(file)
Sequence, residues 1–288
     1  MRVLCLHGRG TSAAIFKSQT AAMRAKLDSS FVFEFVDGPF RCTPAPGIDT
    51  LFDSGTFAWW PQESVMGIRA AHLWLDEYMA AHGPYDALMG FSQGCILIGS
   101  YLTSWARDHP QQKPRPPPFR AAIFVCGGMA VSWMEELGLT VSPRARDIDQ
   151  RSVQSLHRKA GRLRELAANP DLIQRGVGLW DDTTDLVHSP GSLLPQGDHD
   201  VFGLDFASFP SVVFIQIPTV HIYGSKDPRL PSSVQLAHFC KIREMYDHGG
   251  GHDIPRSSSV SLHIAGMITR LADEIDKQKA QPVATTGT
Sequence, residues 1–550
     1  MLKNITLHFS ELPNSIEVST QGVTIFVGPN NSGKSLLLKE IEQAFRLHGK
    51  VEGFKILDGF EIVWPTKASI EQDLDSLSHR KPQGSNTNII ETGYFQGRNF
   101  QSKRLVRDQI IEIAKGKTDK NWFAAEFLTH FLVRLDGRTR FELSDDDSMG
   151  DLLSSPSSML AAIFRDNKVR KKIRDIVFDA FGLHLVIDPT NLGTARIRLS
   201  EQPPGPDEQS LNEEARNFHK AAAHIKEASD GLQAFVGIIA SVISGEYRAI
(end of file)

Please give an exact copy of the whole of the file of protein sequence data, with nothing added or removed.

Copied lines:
Sequence, residues 1–288
     1  MRVLCLHGRG TSAAIFKSQT AAMRAKLDSS FVFEFVDGPF RCTPAPGIDT
    51  LFDSGTFAWW PQESVMGIRA AHLWLDEYMA AHGPYDALMG FSQGCILIGS
   101  YLTSWARDHP QQKPRPPPFR AAIFVCGGMA VSWMEELGLT VSPRARDIDQ
   151  RSVQSLHRKA GRLRELAANP DLIQRGVGLW DDTTDLVHSP GSLLPQGDHD
   201  VFGLDFASFP SVVFIQIPTV HIYGSKDPRL PSSVQLAHFC KIREMYDHGG
   251  GHDIPRSSSV SLHIAGMITR LADEIDKQKA QPVATTGT
Sequence, residues 1–550
     1  MLKNITLHFS ELPNSIEVST QGVTIFVGPN NSGKSLLLKE IEQAFRLHGK
    51  VEGFKILDGF EIVWPTKASI EQDLDSLSHR KPQGSNTNII ETGYFQGRNF
   101  QSKRLVRDQI IEIAKGKTDK NWFAAEFLTH FLVRLDGRTR FELSDDDSMG
   151  DLLSSPSSML AAIFRDNKVR KKIRDIVFDA FGLHLVIDPT NLGTARIRLS
   201  EQPPGPDEQS LNEEARNFHK AAAHIKEASD GLQAFVGIIA SVISGEYRAI